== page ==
# Difference between revisions of "Solar Arduino tracker"

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''Jean Meeus: Astronomical Algorithms, Willmann-Bell, Richmond 2000 (2nd ed., 2nd printing)'' | ''Jean Meeus: Astronomical Algorithms, Willmann-Bell, Richmond 2000 (2nd ed., 2nd printing)'' | ||

a widely accepted text book for astronomic calculations. | a widely accepted text book for astronomic calculations. | ||

− | The calculations are, however, | + | The calculations are, however, very extensive; for Arduino I chose the simpler PSA. |

Implementations and references for both algorithms I found thanks to the code from | Implementations and references for both algorithms I found thanks to the code from | ||

[http://klaus.e175.net/solarpositioning Klaus Brunner]. It was also a valuable help for debugging | [http://klaus.e175.net/solarpositioning Klaus Brunner]. It was also a valuable help for debugging | ||

the Arduino implementation. | the Arduino implementation. |

## Revision as of 10:51, 3 March 2011

German version Sonnenstandsberechner (für sun tracker devices)

# General considerations

To calculate the solar position with a microcontroller (on a fixed geographic place)
you have to solve two problems:
The controller needs a time device (typically a battery buffered chip like in a PC)
and it needs a reasonably simple algorithm to calculate solar azimuth and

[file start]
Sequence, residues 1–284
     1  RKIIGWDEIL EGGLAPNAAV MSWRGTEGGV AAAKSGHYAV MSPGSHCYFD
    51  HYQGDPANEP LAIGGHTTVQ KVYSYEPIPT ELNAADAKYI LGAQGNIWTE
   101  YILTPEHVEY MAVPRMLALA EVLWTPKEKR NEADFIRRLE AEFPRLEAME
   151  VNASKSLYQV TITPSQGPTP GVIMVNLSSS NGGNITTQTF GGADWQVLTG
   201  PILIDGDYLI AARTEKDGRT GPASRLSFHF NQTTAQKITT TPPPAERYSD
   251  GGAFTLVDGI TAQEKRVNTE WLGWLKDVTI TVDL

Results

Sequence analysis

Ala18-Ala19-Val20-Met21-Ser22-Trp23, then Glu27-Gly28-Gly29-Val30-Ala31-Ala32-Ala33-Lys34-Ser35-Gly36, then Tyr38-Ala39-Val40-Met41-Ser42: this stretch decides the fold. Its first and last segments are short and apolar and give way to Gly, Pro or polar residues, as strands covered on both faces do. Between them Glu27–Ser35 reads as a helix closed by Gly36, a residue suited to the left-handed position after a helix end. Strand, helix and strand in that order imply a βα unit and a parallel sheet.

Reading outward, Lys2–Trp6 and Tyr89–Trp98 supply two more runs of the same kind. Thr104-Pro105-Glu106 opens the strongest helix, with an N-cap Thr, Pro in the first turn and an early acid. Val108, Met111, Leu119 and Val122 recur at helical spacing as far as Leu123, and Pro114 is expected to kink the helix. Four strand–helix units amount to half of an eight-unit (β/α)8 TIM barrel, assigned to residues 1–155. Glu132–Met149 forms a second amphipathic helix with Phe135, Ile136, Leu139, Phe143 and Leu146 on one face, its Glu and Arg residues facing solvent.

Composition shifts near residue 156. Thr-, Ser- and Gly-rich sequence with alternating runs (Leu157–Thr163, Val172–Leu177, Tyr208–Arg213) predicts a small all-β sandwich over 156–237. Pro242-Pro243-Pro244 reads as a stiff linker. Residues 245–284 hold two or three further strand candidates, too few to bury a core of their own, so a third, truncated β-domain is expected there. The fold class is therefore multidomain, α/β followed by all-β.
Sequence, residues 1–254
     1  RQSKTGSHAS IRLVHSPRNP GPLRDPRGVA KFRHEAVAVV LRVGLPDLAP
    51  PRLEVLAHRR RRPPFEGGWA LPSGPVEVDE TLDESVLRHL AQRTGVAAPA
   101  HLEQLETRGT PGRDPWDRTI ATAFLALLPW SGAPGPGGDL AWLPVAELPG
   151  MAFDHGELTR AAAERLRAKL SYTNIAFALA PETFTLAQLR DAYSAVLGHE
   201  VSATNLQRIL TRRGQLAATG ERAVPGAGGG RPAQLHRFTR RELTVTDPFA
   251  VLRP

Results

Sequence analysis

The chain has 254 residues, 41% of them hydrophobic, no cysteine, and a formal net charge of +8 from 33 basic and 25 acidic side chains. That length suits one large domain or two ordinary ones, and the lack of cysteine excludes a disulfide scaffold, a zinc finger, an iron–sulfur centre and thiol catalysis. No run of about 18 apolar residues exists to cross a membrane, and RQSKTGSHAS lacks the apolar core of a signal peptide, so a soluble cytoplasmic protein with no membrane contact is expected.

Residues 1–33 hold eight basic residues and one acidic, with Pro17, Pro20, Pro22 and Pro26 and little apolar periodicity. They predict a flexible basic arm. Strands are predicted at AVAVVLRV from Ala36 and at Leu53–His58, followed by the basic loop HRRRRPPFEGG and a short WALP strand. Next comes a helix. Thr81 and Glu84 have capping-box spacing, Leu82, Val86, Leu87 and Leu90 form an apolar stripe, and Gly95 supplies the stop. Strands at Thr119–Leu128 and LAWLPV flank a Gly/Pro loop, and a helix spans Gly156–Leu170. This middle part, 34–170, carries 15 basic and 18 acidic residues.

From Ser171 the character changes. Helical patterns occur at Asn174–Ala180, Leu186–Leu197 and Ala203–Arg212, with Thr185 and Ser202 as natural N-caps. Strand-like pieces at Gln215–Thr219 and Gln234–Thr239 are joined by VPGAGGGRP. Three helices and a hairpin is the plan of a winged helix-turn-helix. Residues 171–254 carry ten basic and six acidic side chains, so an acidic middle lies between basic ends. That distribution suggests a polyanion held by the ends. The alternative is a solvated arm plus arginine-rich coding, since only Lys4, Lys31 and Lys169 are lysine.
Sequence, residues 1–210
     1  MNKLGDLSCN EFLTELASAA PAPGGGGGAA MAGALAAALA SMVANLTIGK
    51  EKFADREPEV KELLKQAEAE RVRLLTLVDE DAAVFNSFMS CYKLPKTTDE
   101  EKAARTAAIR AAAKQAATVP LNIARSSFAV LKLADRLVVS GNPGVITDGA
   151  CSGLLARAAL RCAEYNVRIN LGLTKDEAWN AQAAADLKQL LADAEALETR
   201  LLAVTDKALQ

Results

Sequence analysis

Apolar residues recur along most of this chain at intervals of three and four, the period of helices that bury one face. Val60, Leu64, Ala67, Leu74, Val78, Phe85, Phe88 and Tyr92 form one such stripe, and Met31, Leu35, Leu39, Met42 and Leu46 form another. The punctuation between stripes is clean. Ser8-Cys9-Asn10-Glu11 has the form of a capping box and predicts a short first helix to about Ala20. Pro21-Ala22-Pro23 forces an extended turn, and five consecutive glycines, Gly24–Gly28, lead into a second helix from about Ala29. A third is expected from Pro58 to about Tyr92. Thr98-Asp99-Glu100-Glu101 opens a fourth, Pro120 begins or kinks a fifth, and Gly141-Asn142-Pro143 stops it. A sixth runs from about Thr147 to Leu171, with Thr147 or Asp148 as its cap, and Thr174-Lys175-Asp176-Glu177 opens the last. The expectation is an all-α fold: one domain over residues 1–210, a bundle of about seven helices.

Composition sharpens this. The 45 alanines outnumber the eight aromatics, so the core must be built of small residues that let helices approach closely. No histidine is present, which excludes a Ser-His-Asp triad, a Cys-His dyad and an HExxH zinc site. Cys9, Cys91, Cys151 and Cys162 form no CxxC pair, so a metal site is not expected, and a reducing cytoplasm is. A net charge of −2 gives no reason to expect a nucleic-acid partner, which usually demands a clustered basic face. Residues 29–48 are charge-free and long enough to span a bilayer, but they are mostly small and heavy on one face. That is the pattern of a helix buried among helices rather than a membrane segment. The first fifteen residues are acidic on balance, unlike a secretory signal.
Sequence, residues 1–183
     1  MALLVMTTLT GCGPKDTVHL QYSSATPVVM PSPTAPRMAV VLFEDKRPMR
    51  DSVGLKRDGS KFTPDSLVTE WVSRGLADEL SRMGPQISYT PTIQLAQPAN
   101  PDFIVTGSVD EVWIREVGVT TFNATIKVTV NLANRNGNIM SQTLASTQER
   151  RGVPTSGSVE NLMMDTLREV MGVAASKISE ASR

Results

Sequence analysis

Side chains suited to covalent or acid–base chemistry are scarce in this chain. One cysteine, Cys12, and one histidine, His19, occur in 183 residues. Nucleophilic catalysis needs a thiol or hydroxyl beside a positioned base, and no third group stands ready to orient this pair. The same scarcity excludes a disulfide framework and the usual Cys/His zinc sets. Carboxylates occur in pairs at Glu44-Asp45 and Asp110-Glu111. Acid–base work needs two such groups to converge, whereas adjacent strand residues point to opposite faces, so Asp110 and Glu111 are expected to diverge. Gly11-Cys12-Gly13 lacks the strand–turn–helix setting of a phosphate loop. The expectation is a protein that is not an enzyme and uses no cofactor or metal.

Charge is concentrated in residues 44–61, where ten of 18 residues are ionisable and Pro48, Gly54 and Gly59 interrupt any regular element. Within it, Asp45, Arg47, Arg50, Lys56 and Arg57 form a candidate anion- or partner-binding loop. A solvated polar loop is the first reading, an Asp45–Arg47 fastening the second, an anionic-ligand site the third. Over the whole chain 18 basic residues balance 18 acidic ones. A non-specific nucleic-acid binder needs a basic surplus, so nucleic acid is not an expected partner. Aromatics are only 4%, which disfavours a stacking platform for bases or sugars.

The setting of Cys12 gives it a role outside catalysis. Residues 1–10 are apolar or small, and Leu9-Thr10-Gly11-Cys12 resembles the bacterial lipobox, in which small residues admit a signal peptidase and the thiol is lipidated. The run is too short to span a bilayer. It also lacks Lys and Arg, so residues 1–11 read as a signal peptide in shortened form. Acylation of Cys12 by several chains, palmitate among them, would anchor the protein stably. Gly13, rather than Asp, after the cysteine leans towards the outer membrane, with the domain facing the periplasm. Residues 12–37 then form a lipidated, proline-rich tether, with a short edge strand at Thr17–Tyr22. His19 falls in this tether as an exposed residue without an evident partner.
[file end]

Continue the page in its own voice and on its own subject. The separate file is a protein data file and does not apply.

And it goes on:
elevation from date, time and geographic position (longitude and latitude).
An algorithm which works on a PC might have problems on a microcontroller.
For instance, on Arduino you must take into account that
*double* data type has the same precision as float (IEEE 23 bit mantissa)

## Get the Time

To get Greenwich Time (aka UT) I use a DS1307 chip. Following the description of http://www.glacialwanderer.com/hobbyrobotics/?p=12 it worked immediately. Did not find any 2.2K resistors, 4.7K ones are just as fine. I have taken the code from that site and tucked the complexity into an Arduino libary (DS1307.h)

## Calculate Azimuth and Elevation

To calculate the solar azimuth and elevation exactly
you need very involved formulas. However, for practical
purposes like sun tracking of a heliostat there are
simpler ones available.
Widely used formulas for solar tracking are the one from the so called
PSA-algorithm.
It has been made avaible from *Plataforma Solar de Almeria* (Spain)
and you can download it here as C++ code.
There are adaptions neccessary for Arduino, though.
The formulas for calculating the Juliand Day
are not working properly on Arduino due to reduced double precision.
Therefore, I have adapted them, expecting only Julians dates starting from 1.Jan. 2000.
These calculations I have put into another library (Helios.h)

## SPA Algorithm

A much more accurate solar algorithm seems to be from Reda, I.; Andreas, A. (2003):
*Solar Position Algorithm for Solar Radiation Applications. NREL Report No. TP-560-34302, *
*Revised January 2008. The algorithm is supposed to work for the years -2000 to 6000, *
*with uncertainties of +/-0.0003 degrees.*
In this paper methods have been worked out according to the book from
*Jean Meeus: Astronomical Algorithms, Willmann-Bell, Richmond 2000 (2nd ed., 2nd printing)*
a widely accepted text book for astronomic calculations.
The calculations are, however, very extensive; for Arduino I chose the simpler PSA.
Implementations and references for both algorithms I found thanks to the code from
Klaus Brunner. It was also a valuable help for debugging
the Arduino implementation.